This question seems to provoke confusion between two very different ways to measure speed: Doppler shifts (the change in frequency that occurs when a signal hits a moving target) and timing delays (the duration required for a signal to bounce off a target and return to its place of origin). Police radar makes use of Doppler shifts. Laser speed guns rely on timing delays, as explained by James A. Worthey in the Office of Law Enforcement Standards at the National Institute of Standards and Technology in Gaithersburg, Maryland:

"The laser speed gun used by the police contains a pulsed diode laser. When the police officer squeezes the trigger, the laser emits a brief pulse of infrared light, which is focused by a lens so that it travels as a narrow beam. The pulse reflects off the moving car; a small fraction of the original pulse energy is received by a second lens and focused onto a fast, sensitive detector (such as an avalanche photodiode). Electronic timing circuits measure the pulse's round-trip time of flight.

"Multiplying the round trip time by the speed of light in air and dividing by 2 (because of the round trip) gives the distance, or 'range,' of the car. A few milliseconds later, the laser pulses for a new range measurement. The new range will be slightly less or more, depending on whether the car is moving toward the policeman or away. The laser speed gun continues to collect data in this way until dozens of range measurements have been made; the whole process takes only about half a second. The data are then analyzed by a computer in the speed gun. If the range changed steadily during the series of measurements, then the 'slope of the graph'--that is, the change in distance between each pulse--indicates the motorist's speed. If the range data did not change steadily, this is an indication of error.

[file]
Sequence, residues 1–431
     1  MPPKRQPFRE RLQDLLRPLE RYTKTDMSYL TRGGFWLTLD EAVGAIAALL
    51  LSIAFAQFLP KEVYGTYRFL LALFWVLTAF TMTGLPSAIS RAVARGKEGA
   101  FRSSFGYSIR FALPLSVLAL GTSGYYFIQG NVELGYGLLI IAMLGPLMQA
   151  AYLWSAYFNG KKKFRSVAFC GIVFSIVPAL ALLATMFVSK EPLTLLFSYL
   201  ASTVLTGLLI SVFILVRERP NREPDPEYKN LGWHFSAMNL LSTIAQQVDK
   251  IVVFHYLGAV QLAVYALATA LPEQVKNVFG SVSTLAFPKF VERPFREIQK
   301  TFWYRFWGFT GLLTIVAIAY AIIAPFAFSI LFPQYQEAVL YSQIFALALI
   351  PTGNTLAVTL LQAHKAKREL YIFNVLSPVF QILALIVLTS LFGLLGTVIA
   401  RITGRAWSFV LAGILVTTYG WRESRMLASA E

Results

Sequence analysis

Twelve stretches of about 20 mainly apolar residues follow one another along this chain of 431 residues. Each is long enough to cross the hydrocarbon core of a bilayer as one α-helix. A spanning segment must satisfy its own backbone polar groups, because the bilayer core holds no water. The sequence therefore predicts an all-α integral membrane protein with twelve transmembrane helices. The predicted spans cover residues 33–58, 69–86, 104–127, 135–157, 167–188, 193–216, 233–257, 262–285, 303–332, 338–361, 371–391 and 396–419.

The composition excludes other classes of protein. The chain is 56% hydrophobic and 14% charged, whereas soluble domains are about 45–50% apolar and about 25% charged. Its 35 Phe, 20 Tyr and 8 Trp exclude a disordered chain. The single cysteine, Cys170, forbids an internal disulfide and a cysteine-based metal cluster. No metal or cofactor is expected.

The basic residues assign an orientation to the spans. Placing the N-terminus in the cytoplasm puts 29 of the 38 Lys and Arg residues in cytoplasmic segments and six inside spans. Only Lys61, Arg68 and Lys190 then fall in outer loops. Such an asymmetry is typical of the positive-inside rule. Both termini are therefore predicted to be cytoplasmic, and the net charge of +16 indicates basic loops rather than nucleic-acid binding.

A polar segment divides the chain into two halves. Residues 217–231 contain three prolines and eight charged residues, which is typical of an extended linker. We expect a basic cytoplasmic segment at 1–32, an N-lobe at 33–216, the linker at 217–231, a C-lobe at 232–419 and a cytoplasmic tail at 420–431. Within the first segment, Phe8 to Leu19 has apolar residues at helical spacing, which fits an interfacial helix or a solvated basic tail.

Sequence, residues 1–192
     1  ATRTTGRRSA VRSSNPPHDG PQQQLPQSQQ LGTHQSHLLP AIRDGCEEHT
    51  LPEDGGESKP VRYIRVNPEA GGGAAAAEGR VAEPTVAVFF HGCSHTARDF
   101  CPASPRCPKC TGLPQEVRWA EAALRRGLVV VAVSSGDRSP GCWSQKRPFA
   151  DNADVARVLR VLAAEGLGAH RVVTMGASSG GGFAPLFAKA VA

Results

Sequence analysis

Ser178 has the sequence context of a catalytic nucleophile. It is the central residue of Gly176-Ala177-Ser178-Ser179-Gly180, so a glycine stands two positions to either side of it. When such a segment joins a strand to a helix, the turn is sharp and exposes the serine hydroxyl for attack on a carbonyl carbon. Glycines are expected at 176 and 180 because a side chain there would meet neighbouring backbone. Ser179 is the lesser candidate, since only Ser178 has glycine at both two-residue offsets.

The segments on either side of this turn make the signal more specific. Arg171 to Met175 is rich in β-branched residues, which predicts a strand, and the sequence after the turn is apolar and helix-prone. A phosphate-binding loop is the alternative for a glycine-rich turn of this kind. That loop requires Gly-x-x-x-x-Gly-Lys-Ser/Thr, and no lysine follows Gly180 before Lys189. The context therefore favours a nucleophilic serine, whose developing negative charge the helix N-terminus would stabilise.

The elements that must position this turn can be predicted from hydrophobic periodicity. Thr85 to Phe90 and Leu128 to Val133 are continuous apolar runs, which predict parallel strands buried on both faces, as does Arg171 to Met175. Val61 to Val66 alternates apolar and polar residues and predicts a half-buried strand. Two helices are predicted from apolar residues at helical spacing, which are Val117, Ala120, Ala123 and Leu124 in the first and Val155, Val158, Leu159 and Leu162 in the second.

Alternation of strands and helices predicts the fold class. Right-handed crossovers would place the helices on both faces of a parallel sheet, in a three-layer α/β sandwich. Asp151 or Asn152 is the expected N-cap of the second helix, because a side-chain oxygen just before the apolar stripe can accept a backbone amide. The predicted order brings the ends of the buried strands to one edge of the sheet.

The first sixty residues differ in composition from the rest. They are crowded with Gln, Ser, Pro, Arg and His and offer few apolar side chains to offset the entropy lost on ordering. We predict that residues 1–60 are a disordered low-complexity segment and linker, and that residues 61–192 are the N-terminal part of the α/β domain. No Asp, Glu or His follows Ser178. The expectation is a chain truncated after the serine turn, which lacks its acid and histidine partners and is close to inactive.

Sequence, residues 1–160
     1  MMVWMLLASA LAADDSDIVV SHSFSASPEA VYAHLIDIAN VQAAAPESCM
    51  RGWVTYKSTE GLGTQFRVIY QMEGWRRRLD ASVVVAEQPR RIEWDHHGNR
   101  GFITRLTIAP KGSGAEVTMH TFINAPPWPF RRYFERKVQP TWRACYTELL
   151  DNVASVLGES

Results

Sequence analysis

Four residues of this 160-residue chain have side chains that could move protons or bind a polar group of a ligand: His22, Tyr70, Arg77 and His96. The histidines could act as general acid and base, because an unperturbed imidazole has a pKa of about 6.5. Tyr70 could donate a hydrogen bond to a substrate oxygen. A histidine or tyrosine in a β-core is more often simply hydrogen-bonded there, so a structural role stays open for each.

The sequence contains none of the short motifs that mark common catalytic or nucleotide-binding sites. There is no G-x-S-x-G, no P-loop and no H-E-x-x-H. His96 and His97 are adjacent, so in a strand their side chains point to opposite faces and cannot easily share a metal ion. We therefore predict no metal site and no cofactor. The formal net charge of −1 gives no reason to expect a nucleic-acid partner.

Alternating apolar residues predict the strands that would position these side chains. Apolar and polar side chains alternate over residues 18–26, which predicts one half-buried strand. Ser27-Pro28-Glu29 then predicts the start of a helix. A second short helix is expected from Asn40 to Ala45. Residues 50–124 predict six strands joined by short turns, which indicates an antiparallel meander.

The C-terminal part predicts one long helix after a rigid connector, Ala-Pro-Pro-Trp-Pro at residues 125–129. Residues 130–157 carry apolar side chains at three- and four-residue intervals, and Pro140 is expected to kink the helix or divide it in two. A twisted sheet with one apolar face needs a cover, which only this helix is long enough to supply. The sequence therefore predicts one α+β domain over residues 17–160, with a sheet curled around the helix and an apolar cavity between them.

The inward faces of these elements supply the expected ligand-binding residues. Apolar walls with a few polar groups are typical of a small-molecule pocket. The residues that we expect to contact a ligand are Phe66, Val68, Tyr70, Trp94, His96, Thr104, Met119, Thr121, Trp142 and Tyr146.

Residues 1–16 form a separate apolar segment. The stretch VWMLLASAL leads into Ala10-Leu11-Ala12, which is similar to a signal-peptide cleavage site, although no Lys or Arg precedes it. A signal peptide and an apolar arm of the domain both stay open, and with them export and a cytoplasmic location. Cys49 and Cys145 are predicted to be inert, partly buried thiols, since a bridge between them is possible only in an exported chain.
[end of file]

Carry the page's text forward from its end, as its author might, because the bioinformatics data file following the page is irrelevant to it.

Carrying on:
"If the computer is satisfied that the data are good, the speed gun displays the speed and range (distance) of the car. Of course, the range has only an approximate meaning because the car is moving. The same laser speed guns can be used to make very accurate measurements of the distances to stationary objects.

The level of precision needed to catch a speeding automobile is quite remarkable, as Worthey details. "The speed of light in air is 299,705,663 meters per second," he notes. "If the car is 150 meters (about 500 feet) away, then the round-trip travel time for the laser pulse is about one microsecond, that is, one millionth of a second. To determine speed accurately, the speed gun must measure time with split-nanosecond (billionths of a second) accuracy.